Though the second episode tells us how the music industry comes forward to accept the idea of digital streaming of music, there are still many red tapes to overcome by the ‘Spotify team to launch their platform. In this episode, we are introduced to Petra Hansson.
A respected lawyer working in one of the biggest law firms in Sweden, Petra is one of the best out there. She holds important positions in the firm but is pretty dissatisfied with her work as she is treated as a junior lawyer and not permitted to work on high-profile cases.
Meanwhile, she is offered to join as the legal counsel for the ‘Spotify team and help them to secure music rights from music companies. She takes up the job as an opportunity to do something different. She tries to negotiate with the music companies, but they ask too much in return. This infuriates Daniel, and, during several meetings, he lashes out. Petra tries to calm Daniel down and tells him to consider their options. But Daniel is adamant about not compromising his vision of free music and access for all. Meanwhile, they are also running out of cash. As a result of all these, Petra disappointedly leaves ‘Spotify.’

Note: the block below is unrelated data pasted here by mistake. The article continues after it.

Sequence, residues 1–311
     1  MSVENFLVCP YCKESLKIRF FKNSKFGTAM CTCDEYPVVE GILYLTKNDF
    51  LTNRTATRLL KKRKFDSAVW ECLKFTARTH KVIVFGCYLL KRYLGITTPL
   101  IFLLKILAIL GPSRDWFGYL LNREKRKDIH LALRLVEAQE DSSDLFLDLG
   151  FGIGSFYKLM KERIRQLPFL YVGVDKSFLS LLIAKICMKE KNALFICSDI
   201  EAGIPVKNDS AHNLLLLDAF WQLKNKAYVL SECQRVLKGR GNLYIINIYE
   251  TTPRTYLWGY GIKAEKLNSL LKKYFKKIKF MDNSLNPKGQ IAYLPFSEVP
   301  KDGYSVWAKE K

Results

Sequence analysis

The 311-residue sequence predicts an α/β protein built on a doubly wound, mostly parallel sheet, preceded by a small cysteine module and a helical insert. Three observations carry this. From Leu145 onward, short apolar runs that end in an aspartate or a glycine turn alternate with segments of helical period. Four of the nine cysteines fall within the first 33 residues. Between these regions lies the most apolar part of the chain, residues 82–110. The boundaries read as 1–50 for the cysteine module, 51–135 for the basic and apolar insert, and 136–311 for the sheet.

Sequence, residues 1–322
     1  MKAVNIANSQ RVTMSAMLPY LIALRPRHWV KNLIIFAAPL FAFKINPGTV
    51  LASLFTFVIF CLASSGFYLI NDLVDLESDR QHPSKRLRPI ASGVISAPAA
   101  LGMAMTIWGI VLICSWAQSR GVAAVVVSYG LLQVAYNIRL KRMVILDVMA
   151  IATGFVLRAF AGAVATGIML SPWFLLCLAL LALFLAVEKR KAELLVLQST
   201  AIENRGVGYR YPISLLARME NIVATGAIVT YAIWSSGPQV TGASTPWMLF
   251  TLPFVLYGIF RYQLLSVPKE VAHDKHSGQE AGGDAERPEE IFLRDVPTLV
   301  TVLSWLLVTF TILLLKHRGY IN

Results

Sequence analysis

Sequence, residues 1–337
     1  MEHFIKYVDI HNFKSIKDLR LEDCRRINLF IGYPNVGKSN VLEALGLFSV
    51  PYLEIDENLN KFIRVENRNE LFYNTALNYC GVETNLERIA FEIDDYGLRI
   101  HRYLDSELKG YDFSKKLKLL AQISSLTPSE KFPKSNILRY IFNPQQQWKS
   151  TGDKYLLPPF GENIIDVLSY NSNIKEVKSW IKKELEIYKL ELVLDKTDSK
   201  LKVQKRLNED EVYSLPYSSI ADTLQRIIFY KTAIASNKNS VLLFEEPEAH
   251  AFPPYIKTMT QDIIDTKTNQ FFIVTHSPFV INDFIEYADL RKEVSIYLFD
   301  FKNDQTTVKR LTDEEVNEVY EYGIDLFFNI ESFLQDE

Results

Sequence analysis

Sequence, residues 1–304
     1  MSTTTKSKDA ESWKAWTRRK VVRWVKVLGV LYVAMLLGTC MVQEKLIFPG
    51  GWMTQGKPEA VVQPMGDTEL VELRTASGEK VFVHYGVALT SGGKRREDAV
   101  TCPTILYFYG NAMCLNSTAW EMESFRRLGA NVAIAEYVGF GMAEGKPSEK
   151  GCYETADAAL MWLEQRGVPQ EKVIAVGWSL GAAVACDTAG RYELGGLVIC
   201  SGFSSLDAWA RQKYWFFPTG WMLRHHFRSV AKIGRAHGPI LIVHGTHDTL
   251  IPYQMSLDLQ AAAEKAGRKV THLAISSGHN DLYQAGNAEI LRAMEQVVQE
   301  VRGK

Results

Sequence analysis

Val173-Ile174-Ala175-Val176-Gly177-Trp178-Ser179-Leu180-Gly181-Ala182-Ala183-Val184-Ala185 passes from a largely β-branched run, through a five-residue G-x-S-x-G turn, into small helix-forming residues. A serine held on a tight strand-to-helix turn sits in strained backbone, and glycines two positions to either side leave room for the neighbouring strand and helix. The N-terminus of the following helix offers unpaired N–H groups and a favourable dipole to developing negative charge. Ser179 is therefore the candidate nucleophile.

She goes to her earlier life but comes up with an idea one day during one of her meetings. She comes to Daniel and pitches him that they should take down some features for the free users and then allow some for premium users with a subscription fee. Daniel realizes the situation and agrees to this. But the music companies (notably Sony) still don’t budge as they want 50% of the share of ‘Spotify.’ A colleague of Petra suggests she convince Daniel to open the gates for the music companies by offering them the stakes, and they will try to lower the percentage of the share amount. With no other options available, Daniel accepted the compromise and eventually secures the music rights with the help of Petra.